How to Care for Your Indoor Plant
Plants are a beautiful décor addition. There are so many varieties to choose from, and each one requires different care and attention. Some need more attentive care while some can be left alone for months and thrive. If you struggle with keeping these green beauties alive, follow this general guide to get your plants thriving!
Start with a good base. Rule of thumb is select the right soil for your plant. There are different types of soil that are specific for certain types of plants. For example, if you are potting a barrel cactus, make sure you have cactus-specific soil ready to go. However, if you have a rubber plant, cactus soil will not do.
It’s also important to make sure there is a drainage system to prevent root rot. Root rot, a disease where the roots of a plant rot and decay, forms when there is a collection of excess water in the soil. Planters with a hole in the bottom provide the drainage that's needed. If your pot does not, simply take some small stones and create a rock layer at the bottom of the pot for ample drainage of the soil. Your plant will thank you for it!
Set up your plant for success by creating a space that has proper sunlight. This can range from bright, direct light to low, indirect light, and everything in between. With sunlight, I highly recommend researching your plant to get accurate information on what lighting it thrives in.
This can be a tricky one. It is very easy improperly water. Luckily, plants like to tell us if it's getting too much or too little.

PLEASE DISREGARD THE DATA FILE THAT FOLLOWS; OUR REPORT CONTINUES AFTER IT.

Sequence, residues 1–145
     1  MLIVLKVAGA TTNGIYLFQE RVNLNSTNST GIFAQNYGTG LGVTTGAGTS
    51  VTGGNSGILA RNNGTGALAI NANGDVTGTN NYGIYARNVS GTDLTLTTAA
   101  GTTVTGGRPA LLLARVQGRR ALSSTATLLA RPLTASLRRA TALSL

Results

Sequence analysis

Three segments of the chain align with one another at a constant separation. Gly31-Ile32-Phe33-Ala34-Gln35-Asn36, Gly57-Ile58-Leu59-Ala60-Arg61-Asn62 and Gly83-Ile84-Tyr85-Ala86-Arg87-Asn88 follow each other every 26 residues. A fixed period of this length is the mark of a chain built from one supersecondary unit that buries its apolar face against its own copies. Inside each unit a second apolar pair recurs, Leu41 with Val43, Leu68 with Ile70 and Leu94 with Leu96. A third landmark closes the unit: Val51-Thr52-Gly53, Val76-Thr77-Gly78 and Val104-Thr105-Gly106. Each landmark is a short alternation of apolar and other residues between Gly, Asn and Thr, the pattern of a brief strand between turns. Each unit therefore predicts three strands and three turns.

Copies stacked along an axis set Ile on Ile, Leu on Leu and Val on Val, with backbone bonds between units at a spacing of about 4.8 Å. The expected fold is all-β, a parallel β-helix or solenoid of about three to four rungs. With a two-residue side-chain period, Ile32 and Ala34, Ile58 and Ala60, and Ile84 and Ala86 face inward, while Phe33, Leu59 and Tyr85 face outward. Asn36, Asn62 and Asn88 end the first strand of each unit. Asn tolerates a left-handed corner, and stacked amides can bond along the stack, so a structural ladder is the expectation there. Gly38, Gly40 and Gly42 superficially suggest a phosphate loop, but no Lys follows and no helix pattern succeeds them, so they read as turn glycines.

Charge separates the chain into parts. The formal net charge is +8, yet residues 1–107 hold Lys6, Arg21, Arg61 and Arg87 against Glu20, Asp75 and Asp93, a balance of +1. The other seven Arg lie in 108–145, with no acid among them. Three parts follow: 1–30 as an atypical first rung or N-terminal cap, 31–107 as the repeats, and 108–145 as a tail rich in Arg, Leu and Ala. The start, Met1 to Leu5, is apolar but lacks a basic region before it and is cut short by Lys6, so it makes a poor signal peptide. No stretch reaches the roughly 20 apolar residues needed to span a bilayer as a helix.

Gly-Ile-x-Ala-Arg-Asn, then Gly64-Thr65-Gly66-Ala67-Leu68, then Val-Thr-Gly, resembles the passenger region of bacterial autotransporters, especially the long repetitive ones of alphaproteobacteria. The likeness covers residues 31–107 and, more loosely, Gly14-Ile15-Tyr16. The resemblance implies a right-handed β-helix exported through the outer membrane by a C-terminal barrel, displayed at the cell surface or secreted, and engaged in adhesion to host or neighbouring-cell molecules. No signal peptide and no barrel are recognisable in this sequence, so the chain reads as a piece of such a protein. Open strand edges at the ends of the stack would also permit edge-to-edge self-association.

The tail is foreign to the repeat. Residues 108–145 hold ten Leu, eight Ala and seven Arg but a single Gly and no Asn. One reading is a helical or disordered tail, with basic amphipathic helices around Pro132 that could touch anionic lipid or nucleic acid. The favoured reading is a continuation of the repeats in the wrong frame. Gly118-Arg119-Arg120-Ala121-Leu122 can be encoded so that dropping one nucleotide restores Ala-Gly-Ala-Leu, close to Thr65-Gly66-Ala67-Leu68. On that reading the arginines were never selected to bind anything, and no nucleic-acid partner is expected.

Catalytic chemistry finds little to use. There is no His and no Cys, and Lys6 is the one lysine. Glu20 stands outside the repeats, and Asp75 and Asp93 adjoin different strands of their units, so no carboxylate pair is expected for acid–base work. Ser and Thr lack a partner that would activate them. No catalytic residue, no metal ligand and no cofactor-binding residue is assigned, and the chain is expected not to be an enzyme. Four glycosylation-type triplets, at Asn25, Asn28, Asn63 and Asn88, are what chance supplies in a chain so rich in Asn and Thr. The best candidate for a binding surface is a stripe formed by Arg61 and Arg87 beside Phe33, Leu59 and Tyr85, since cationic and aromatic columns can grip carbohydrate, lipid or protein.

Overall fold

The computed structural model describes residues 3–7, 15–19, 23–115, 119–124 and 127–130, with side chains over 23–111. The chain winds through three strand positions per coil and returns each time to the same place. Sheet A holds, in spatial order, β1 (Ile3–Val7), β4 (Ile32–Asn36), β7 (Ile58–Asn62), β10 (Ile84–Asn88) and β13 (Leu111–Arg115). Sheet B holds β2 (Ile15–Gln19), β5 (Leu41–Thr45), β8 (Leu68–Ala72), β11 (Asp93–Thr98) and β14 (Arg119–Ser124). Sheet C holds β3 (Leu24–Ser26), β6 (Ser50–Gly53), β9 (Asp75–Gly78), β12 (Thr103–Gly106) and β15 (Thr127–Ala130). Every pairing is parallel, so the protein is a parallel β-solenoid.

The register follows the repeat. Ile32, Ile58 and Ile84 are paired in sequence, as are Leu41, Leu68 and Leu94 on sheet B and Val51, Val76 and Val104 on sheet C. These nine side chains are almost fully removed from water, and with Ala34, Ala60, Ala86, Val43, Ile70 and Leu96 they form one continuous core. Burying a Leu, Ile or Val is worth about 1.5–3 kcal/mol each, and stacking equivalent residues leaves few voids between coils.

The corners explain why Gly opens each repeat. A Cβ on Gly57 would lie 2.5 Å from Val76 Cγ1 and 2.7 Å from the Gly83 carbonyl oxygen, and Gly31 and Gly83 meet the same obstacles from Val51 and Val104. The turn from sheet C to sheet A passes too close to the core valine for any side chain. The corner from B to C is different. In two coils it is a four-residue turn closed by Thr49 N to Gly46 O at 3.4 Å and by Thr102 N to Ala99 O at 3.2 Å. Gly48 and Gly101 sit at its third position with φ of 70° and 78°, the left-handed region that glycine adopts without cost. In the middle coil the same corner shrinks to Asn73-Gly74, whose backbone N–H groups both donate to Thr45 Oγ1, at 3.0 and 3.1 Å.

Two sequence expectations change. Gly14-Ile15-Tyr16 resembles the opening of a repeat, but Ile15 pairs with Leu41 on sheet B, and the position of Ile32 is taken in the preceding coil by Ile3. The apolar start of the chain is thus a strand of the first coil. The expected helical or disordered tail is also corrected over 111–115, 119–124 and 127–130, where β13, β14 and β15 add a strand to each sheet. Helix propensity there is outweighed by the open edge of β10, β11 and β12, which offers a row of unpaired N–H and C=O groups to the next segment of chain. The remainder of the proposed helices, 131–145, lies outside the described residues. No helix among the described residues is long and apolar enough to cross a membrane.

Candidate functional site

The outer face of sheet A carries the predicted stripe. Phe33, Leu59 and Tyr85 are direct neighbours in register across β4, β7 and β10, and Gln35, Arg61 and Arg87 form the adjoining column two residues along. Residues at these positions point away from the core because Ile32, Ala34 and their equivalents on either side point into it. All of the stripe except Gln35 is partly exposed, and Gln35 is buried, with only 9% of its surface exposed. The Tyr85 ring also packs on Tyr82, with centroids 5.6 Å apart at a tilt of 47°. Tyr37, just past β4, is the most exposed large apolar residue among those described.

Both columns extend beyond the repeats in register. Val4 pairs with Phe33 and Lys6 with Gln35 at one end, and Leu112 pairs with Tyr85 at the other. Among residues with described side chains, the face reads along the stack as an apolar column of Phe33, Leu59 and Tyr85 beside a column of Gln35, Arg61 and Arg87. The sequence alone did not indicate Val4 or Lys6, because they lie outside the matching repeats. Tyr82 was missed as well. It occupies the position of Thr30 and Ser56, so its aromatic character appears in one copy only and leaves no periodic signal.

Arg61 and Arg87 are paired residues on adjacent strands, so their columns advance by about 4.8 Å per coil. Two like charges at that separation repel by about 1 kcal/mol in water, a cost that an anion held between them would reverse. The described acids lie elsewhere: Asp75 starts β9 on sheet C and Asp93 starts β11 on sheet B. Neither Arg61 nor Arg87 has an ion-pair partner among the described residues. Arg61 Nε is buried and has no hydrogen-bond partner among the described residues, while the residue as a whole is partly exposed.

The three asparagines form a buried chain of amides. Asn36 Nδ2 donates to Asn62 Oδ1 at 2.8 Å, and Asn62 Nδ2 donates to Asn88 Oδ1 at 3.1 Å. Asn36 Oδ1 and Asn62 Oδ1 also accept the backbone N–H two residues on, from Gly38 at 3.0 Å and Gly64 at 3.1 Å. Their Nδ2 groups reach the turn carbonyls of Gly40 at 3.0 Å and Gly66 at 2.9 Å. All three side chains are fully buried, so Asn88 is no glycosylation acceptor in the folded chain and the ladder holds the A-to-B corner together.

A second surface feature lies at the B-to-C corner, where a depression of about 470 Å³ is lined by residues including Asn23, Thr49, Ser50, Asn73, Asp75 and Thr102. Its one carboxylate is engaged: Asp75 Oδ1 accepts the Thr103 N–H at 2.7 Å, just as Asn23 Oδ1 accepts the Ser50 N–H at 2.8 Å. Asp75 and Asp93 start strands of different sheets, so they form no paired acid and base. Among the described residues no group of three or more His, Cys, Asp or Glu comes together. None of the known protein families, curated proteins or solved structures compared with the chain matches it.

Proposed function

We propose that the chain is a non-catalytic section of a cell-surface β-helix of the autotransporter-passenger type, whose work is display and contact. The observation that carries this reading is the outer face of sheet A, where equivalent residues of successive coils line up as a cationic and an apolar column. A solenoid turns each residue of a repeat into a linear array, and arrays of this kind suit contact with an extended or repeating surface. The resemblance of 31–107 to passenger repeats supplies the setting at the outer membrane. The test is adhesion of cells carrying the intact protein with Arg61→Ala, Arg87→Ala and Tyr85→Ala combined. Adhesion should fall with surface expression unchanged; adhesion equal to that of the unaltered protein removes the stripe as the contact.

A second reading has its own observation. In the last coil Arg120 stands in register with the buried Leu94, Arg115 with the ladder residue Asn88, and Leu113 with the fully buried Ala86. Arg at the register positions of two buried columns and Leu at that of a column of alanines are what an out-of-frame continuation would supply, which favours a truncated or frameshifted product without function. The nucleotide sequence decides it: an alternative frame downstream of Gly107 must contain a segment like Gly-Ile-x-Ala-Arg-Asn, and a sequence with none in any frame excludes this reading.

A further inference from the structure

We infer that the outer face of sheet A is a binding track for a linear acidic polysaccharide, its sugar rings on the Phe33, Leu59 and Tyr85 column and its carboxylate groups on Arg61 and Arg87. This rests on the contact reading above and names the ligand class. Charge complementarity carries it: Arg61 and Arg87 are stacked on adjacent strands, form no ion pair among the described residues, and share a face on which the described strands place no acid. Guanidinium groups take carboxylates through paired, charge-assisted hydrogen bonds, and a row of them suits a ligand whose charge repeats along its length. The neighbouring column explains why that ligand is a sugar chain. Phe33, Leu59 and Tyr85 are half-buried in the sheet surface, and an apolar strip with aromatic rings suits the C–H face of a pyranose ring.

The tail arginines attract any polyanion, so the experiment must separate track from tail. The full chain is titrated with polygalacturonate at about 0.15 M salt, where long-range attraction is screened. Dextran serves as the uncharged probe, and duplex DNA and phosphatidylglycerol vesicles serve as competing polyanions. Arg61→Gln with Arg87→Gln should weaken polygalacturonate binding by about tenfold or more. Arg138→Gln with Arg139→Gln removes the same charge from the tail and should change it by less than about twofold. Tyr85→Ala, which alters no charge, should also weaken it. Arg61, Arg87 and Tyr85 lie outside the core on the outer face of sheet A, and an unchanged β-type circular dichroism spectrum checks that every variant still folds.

If you notice your plant is appearing slightly wilted and the soil pulling away from the inside of the pot, you're underwatering. I recommend decreasing the amount of time between waterings.
If the leaves turn yellow or brown on the tips, give it more time between each watering; it's being overwatered. You may also notice pests collecting on the soil and around your plant when it's getting too much water.
The tricky thing to determine is wilting. It can mean both overwatering and underwatering. Look at the other symptoms to determine which it is, then take corrective action by repotting or shifting your watering schedule.
While researching sunlight, take note of what watering schedule is optimum for your plant.
There can come a time when repotting is needed. Either the plant has grown too large for its pot or maybe root rot has started, along with many other reasons. When you determine its time to repot, select a slightly larger planter and repot with new soil. Selecting a too-large planter can make it easier for water to collect in the soil and the chance of root rot increases. A trick I use is keeping a visual ratio of two-thirds plant, one-third planter not only for aesthetic reasons, but also for the health of your plant. Meaning, the amount of plant you see when potted should be double the size of the planter.
There are so many important details to take into consideration when caring for a plant. Along with the tips above, research the specific environments your plant needs to be happy and healthy.